From Stone Walls to Skyscrapers: Understanding Structural Masonry
The Monadnock Building in Chicago began construction in 1891 and is still in use today. The building features a somber facade without ornamentation and a colossal height – at the time – of 16 floors. It is considered the first skyscraper built in structural masonry, with ceramic bricks and a granite base. To support the entire load of the building, the structural walls on the ground floor are 1.8 meters thick, and at the top, 46 centimeters. One hundred and thirty years later, this construction system remains common and allows for the erection of taller buildings with much thinner walls, accomplishing even new architectural works economically and rationally. But what is structural masonry about, and how can designers use it in architectural projects? And for what kinds of buildings is this system most suitable?
The act of stacking stones to build walls was used in iconic historical buildings such as the pyramids, the Parthenon, the Great Wall of China, the Notre Dame Cathedral, and many others. Some of these buildings continue to intrigue researchers regarding how they were built and how they still stand. To draw a timeline of structural masonry is to approach the history of architecture and its great works. Briefly, masonry is a construction system in which the walls of the building perform a structural function, using masonry, bricks, or stones, in a way that is self-supporting. Stacked in layers, the components may or may not be connected by a binder (mortar) that heavily influences the mechanical properties of the wall. Such mortars can be made of lime, cement, or synthetic adhesives.
Currently, stone walls are still being built, but much more for their aesthetic aspects than for being the only viable structural option, as was the case in ancient times. Experiments, research, and new technologies have allowed designers to create blocks strong and light enough that they are simple to build and highly resistant. In the 1940s, masonry blocks started to be manufactured industrially and sold on the market. Today, there are ceramic, concrete, soil-cement, and sand-lime blocks for the construction of masonry buildings. The blocks also are shaped in a way that make them resistant to compression efforts, and are drilled for structural reinforcements, concrete, plumbing, and electrical ducts.
Unlike the column-beam system, which is more common today, in masonry, the walls will distribute the load to the foundation and later into the ground. The success of the structure is determined by the geometry and arrangement of these structural walls, resisting the structure’s own weight and occupancy loads (vertical loads) as well as lateral loads caused by wind, for example. It is essential that the vertical planes work together so that the loads are evenly distributed and that no wall becomes too fragile. This is done through the correct dimensioning of spans and spaces, and the placement of openings in suitable locations.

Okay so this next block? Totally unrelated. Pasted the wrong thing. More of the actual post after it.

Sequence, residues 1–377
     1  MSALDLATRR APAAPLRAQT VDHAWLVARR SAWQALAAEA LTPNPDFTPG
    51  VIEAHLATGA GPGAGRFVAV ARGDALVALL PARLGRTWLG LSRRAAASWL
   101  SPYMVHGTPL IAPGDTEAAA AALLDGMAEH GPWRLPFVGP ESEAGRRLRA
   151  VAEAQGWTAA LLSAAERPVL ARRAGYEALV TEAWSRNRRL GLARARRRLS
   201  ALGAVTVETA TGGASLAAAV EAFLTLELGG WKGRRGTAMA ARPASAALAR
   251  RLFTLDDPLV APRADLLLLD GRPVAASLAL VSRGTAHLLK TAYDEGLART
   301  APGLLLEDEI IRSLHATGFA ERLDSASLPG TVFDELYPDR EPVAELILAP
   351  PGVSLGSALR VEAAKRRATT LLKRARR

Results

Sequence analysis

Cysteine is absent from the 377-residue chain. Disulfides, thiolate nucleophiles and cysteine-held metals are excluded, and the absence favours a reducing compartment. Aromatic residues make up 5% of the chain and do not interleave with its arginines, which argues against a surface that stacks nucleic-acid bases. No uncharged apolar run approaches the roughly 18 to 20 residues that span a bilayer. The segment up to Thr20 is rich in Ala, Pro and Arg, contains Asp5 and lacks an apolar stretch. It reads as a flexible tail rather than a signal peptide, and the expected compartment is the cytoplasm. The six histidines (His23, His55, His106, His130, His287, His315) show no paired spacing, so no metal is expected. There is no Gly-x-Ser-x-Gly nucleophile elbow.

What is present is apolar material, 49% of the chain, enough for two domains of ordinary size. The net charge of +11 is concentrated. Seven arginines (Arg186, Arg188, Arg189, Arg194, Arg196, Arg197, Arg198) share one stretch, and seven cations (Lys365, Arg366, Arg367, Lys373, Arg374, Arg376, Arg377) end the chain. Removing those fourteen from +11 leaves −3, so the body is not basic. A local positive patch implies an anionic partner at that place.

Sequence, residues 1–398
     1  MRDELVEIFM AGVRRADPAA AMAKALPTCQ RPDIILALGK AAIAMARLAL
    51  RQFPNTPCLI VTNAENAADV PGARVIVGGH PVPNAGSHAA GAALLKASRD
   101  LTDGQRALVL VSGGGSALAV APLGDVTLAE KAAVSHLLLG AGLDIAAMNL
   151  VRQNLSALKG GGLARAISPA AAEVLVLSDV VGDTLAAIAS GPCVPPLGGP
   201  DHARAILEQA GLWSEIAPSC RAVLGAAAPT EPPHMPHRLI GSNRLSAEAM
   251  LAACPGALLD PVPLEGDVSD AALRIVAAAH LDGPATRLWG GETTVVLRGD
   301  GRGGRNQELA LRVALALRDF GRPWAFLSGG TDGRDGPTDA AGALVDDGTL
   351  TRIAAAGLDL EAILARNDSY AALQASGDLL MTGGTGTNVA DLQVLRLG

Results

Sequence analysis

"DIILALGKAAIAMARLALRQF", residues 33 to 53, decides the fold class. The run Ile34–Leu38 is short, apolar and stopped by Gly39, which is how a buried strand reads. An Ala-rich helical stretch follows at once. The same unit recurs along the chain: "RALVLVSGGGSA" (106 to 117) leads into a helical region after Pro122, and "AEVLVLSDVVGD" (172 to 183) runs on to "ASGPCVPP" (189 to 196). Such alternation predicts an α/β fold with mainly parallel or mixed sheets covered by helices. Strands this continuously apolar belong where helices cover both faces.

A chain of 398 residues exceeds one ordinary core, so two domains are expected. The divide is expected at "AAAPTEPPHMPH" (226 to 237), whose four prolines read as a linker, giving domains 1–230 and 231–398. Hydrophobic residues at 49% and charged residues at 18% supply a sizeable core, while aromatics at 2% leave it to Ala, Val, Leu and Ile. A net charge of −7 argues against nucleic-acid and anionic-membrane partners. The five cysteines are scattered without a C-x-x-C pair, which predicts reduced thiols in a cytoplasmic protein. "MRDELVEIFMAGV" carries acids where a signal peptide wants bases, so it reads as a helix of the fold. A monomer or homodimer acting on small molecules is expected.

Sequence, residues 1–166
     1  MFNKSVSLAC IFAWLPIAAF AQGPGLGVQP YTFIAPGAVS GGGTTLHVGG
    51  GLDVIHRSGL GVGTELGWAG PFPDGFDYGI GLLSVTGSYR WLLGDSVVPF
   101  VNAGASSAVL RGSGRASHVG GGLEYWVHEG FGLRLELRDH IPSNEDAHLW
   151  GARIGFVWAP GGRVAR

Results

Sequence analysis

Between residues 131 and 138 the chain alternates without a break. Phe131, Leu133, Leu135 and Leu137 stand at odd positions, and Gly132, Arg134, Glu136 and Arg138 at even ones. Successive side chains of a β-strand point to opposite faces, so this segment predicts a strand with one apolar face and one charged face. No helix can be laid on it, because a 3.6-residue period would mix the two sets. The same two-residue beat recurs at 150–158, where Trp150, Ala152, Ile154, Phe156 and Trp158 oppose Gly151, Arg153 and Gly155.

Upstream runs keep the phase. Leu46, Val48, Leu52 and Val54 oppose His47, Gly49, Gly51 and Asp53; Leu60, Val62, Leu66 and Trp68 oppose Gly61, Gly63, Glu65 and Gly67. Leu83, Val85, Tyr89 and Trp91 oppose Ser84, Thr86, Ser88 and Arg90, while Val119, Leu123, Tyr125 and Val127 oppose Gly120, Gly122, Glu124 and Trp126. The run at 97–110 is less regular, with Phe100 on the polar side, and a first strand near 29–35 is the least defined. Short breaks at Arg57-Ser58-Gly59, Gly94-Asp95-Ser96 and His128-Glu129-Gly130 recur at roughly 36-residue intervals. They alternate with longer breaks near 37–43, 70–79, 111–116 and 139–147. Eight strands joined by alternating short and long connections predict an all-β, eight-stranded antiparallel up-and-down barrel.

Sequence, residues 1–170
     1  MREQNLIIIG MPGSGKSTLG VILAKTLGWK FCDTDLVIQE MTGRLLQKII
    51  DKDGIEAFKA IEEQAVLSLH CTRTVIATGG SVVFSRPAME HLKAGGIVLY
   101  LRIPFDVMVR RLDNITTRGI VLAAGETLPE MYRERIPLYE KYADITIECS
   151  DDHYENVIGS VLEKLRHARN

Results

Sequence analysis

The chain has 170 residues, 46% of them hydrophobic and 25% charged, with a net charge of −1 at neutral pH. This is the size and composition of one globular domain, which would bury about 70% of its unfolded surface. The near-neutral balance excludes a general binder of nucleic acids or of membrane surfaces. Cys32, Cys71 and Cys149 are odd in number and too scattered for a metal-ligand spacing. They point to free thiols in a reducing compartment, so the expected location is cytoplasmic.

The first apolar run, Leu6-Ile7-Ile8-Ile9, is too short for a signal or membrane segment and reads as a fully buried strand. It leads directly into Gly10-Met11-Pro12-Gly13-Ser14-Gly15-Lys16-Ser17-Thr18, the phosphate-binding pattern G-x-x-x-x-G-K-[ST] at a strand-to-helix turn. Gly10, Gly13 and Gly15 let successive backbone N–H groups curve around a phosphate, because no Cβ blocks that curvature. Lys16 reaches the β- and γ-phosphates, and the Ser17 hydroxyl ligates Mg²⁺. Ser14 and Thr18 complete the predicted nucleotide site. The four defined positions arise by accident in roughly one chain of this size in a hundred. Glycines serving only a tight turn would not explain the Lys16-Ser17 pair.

Masonry can be structural or load-bearing. While the first type is a little simpler, wherein walls are built only in blocks and mortar, the load-bearing masonry is reinforced by wires, bars, or steel screens, dimensioned to resist active forces. These reinforcements are placed in the cavities of the blocks and, later, filled with grout (a type of concrete or mortar with high resistance and high fluidity).
Different types of blocks fulfill specific functions in each project. There are different patterns around the world, but in general, there exist common structural blocks (1 and 2), which have already been mentioned above, and gutter-type blocks (3), which receive horizontal reinforcement. There are also some blocks that allow the slabs to fit together, often called “J” channels (4). In this typology, the slab rests on one end, providing structural locking and a good finish. As the blocks have great dimensional regularity, this greatly improves the efficiency of the project and the successful execution of the work.
The main advantages of using this system are in the speed of construction; reductions in the use of wood, steel, and concrete; saving time and cost; highly organized construction sites; and good fire resistance. This construction system also leads to a rationalization of the project and especially other construction elements, such as electrical and hydraulic installations. In addition, masonry has high compressive strength and is often aesthetically attractive when left uncoated.
Evidently, the supporting walls must not be removed without the replacement by another element of equivalent function, which can be a disadvantage, as it greatly reduces the flexibility of the building and makes it almost impossible to make radical changes to the original architectural layout. Another issue is that masonry buildings do not fare well in areas with frequent earthquakes. In these cases, it is essential to understand and follow local legislation.
Today, there are examples of load-bearing masonry buildings reaching up to 28 floors high. The system can be suitable for building types ranging from small single-family buildings to large structures. In general, the masonry project presupposes an integration between all aspects of design and construction, and the architects need to show leadership and exercise control for the work to be executed properly. Obviously, having the support of structural engineers during the process is essential. Masonry does not allow improvisation and design changes during the construction work. Masonry is an extremely old structural system that nonetheless, through successive technological contributions, can be highly desirable for the cities of the future.